Swinburne University of Technology

This 51-Year-Old Telescope Is Searching 1,000 Times a Second For One of The Rarest Events in The Universe

It’s still got it.

20 FEB 2016

How many scientific instruments built in 1965 are still alive, kicking, and making important discoveries today? Fifty-one years on, the Molonglo Observatory Synthesis Telescope (MOST) is not only one of the coolest-looking telescopes, but it’s now been upgraded to help astrophysicists discover some of the rarest events in the Universe.

The largest radio telescope in the Southern Hemisphere, MOST is nearly 1-kilometre long, and combines 7,744 individual radio antennae. That means it’s able to ‘listen’ to events occurring in the distant Universe, and back in the ‘60s, MOST discovered some of the most exciting objects in the Universe, such as pulsars. Now it has a new mission – to detect mysterious fast radio bursts, and other short-lived astrophysical phenomena by taking 1,000 photos every single second.


Despite the telescope’s impressive track record, it wasn’t quite able to handle this new task in its original state. But it’s now been upgraded by researchers from Swinburne University of Technology to handle an impressive 22 gigabytes of data a second, enough to allow it to photograph the Universe every millisecond.

The biggest change was the upgrade of the telescope’s outdated analogue technology. A team led by Matthew Bailes, from Swinburne’s Centre for Astrophysics and Supercomputing has now written new software to improve data collection and processing.

1449132205501Michael Large (University of Sydney) at work building the telescope. Image: University of Sydney

"The powerful supercomputer that Bailes and Swinburne have provided makes this an exceptional telescope for exploring the transient sky with fast and flexible cadence," said Anne Green, an astrophysicist at The University of Sydney who was involved in the project. The new upgrade also installed new signal-processing computers, which are able to sift through all the data being produced.

After a five-year hiatus, the telescope is now back up, but is only running at a quarter efficiency as the final touches are finished.

Once all the software is online, the telescope will be attempting to observe fast radio bursts, flashes of bright radio energy that last only a few milliseconds. Only 15 of these events have been spotted since the first one was discovered 10 years ago, and no one is quite sure where they come from.

"There are more theories than there are bursts," Bailes said. "Some people think that they occur when two neutron stars collide, others think that neutron stars become unstable and collapse into a black hole and they give off little bursts of radio emission when they do it."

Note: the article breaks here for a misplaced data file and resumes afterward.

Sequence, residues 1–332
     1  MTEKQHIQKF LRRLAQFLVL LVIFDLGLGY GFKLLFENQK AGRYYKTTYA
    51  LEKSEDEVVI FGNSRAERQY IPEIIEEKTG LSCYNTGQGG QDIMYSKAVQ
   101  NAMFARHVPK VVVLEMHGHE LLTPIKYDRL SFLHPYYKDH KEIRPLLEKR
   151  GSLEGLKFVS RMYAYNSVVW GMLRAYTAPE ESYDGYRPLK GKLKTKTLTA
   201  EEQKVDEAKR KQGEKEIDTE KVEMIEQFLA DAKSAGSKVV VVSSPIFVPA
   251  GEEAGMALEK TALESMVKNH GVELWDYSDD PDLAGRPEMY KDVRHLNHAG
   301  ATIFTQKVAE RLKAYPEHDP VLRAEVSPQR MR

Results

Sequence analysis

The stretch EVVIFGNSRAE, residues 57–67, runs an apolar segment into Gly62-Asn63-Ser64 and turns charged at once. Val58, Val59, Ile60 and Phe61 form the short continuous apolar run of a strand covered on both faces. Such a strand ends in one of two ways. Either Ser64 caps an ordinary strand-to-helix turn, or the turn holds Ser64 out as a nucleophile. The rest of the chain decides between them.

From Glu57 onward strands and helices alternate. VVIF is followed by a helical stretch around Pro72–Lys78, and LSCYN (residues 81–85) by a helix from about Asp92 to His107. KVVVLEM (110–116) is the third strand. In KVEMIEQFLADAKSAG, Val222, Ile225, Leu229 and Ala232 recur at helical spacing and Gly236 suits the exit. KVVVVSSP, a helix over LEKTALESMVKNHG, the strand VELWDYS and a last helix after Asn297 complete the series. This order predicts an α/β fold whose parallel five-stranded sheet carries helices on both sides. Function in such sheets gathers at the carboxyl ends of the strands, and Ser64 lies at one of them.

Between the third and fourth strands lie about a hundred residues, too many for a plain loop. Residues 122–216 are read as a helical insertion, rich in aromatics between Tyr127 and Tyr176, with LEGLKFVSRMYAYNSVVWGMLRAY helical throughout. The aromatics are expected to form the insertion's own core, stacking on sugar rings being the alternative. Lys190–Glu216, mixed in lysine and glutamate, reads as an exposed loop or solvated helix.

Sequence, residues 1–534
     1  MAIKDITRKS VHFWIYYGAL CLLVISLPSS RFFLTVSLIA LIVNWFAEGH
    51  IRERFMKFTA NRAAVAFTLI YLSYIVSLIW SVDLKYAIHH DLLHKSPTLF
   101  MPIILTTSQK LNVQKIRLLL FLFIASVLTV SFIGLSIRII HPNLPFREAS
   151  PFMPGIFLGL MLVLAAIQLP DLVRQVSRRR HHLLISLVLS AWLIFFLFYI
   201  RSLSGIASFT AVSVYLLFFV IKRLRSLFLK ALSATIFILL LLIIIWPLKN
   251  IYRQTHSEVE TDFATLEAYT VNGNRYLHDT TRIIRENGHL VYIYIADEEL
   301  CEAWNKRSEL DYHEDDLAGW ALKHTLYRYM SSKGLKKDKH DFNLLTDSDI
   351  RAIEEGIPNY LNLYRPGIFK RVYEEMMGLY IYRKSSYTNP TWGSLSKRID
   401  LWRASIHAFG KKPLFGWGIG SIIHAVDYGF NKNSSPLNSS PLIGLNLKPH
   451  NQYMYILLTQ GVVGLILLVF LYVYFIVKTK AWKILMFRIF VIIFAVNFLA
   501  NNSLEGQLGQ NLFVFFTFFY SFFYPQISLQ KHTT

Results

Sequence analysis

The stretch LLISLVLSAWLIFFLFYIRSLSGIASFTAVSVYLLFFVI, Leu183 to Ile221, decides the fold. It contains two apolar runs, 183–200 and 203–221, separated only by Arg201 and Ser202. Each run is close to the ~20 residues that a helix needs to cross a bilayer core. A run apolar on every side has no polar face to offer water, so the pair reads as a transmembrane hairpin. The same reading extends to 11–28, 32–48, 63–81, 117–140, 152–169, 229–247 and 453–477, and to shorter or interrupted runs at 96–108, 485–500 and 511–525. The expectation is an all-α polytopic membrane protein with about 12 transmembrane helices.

But there are also other hypothesises, including that they arise when a black hole and neutron star merge, or that they are an early warning signal of an impending supernova. Either way, MOST is aiming to discover enough information to piece it together.

"The detection rate is a strong function of efficiency so we haven’t been running long enough to find a fast radio burst, but we’re hoping that soon we’ll be finding one every few weeks," Bailes said.

Astronomy2Swinburne University of Technology

MOST will also be looking back into pulsars, as these spinning neutron stars can attract (excuse the pun) strange gravitational behaviour. "It’s fun when you find a pulsar that is spinning 700 times a second; that’s faster than a kitchen blender and yet it’s a star," Bailes said. "Neutron stars are very tiny so they can get in very close proximity to each other, which means that they travel very quickly around each other and they allow us to test gravity in ways that we can’t normally do."

Investigating these pulsar pairs could even further the work done by the LIGO teams working on the newly detected gravitational waves. "These waves are mysterious and difficult to detect but they actually cause the orbit of the neutron star to shrink by one centimetre per day, which might not sound like much, but using the upgraded telescope we can measure the position of neutron stars so accurately that we can even begin to see that effect," Bailes said.

To put the power of the 51-year-old telescope into perspective, MOST can measure changes as small as 1 centimetre from an orbit halfway across the Galaxy, and can capture a millisecond-long radio burst from somewhere in the Universe. We’re very excited to see what else this old school telescope can discover next about the cosmos.

Swinburne University of Technology is a sponsor of ScienceAlert. Find out more about their innovative research. 

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